Mad Cow USA/How now mad cow?

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This article was first published as "How Now, Mad Cow?" in PR Watch, Volume 11, No. 1, 1st Quarter 2004. It was originally authored by Sheldon Rampton and John Stauber and is used here with permission. As with all SourceWatch articles, feel free to edit and revise.


Common Courage Press has just released the paperback version of our 1997 book, Mad Cow USA--the book that predicted the emergence of the deadly human and animal dementia disease in the United States. When Mad Cow USA was first published in November 1997, it bore the subtitle "Could the Nightmare Happen Here?" We used a question mark because we thought mad cow disease was possible but still preventable in the United States, if the meat industry and government regulators adopted adequate safety measures.

Our book received favorable reviews at the time from some interesting publications, such as the Journal of the American Medical Association, New Scientist, and Chemical & Engineering News. Otherwise, it went largely ignored and unheralded. It sold briskly but briefly during the infamous Texas trial of Oprah Winfrey for the alleged crime of "food disparagement," and then slid into obscurity until December 2003, when the "nightmare" in our subtitle arrived and U.S. Secretary of Agriculture Ann Veneman announced that mad cow disease has been found in the United States.

As we've followed mad cow disease over the years, we've seen U.S. government and industry officials spin it as just an hysterical European food scare. On March 20, 1996, the British government reversed itself after ten years of denial and announced that mad cow disease--known technically as "bovine spongiform encephalopathy" or BSE--had passed into humans and was the cause of a fatal dementia then called "new variant Creutzfeldt-Jakob Disease" or nvCJD. (Nowadays they don't say "new," and the abbreviation is just vCJD.) At the time, the U.S. media dutifully echoed reassurances from government and livestock industry officials that all necessary precautions had been taken long ago to guard against the disease.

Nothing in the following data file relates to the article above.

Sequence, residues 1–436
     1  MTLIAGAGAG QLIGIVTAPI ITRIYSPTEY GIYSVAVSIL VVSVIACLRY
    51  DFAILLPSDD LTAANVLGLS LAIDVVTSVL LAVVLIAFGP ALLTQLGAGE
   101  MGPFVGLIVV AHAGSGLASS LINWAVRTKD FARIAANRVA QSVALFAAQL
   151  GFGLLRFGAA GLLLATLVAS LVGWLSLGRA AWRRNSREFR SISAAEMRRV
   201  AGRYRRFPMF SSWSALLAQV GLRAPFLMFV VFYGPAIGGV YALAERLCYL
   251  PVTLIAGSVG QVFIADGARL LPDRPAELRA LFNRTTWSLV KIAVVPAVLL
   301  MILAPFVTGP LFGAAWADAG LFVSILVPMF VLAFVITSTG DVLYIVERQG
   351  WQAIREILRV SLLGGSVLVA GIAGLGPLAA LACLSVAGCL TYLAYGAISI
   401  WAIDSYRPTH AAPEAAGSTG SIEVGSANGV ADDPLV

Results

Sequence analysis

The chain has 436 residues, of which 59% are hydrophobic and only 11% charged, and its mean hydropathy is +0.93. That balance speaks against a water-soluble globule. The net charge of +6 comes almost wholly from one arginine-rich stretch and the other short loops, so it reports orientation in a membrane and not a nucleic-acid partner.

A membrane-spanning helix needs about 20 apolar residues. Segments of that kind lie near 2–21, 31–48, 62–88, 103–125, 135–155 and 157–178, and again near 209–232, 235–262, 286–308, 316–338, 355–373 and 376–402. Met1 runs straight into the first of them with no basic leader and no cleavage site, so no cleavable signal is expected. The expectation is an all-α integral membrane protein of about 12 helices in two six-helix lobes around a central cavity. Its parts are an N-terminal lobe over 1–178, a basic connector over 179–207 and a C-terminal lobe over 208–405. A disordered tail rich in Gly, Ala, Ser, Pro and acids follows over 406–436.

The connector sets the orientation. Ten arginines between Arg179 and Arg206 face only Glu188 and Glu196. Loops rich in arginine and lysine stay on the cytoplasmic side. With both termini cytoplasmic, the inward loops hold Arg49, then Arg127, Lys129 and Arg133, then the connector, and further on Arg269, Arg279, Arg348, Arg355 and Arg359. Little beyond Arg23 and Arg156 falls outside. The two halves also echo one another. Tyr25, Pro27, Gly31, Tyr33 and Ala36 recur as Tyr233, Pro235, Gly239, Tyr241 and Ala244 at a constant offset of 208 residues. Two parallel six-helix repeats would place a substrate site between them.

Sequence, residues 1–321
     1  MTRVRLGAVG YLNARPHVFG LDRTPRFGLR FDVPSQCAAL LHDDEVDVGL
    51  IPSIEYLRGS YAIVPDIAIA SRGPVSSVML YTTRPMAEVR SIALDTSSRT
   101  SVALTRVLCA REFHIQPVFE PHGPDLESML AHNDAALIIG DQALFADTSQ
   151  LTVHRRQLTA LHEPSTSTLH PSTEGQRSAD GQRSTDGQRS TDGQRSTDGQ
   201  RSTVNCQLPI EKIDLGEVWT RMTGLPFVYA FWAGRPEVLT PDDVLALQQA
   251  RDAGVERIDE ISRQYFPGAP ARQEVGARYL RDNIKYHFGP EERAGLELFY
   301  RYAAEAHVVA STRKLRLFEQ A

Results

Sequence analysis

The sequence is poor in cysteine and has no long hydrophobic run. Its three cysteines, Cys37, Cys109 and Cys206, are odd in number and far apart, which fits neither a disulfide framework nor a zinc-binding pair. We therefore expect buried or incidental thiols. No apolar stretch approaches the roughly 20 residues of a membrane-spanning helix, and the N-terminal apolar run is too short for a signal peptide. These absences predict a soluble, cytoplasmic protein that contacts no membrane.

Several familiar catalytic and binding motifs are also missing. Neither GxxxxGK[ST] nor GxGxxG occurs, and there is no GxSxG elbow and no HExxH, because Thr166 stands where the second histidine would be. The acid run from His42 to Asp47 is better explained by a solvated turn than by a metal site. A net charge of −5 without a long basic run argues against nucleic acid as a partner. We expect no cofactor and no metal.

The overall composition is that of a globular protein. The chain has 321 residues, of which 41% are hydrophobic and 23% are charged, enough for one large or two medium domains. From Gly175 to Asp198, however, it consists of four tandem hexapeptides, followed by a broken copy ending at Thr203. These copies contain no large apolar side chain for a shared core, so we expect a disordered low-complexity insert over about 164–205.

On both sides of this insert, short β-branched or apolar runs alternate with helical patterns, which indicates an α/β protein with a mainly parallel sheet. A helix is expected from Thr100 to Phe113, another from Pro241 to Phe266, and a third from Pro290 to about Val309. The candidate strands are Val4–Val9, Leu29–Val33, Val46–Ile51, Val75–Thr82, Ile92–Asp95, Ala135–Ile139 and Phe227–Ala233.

Those who had read our book realized that U.S. assurances of safety were based on public relations and public deception, not science or adequate regulatory safeguards. We revealed that the United States Department of Agriculture knew as early as 1991 that to prevent mad cow disease in America would require a strict ban on "animal cannibalism"--the feeding of rendered slaughterhouse waste from cattle to cattle as protein and fat supplements--but refused to support the ban because it would cost the meat industry money. We exposed the dangerous inadequacies of the FDA's 1997 regulations in the final chapter of this book when it first appeared, and many of those inadequacies remain today.

It was the livestock feed industry that led the effort in the early 1990s to lobby into law the Texas food disparagement act that was the basis for the 1996 lawsuit against Oprah Winfrey and her guest, rancher turned vegetarian activist Howard Lyman. Winfrey and Lyman eventually won the lawsuit, but it cost them years of legal battling and millions of dollars in attorney fees. In reality, the public lost, because mainstream media stopped covering the threat of mad cow disease in the United States. As one TV network producer told us at the time, his orders were to keep his network from being sued the way Oprah had been.

There have been several new developments since our book originally came out, some of which have been good news. In 1997, the discovery that mad cow disease had passed into humans was still so recent that public health experts could only guess how many cases of vCJD would eventually develop in the millions of people who had eaten contaminated British beef. At the time, the available estimates ranged from a few dozen to a few million. Since then, information has accumulated showing that neither the best-case nor the worst-case scenarios of six years ago are likely. In early 2001, leading scientists from the National Institutes of Health, the USDA and England's National Creutzfeldt-Jakob Disease Surveillance Unit published an assessment in Emerging Infectious Diseases, published by the U.S. Centers for Disease Control and Prevention (CDC). "Much of the lingering uncertainty about the extent of the vCJD outbreak is attributable to the fact that the incubation period of vCJD is unknown," they stated, adding: "Depending on assumptions about the incubation period and other variables, mathematical modeling predicts that the total extent of the outbreak could range from fewer than one hundred to hundreds of thousands of cases."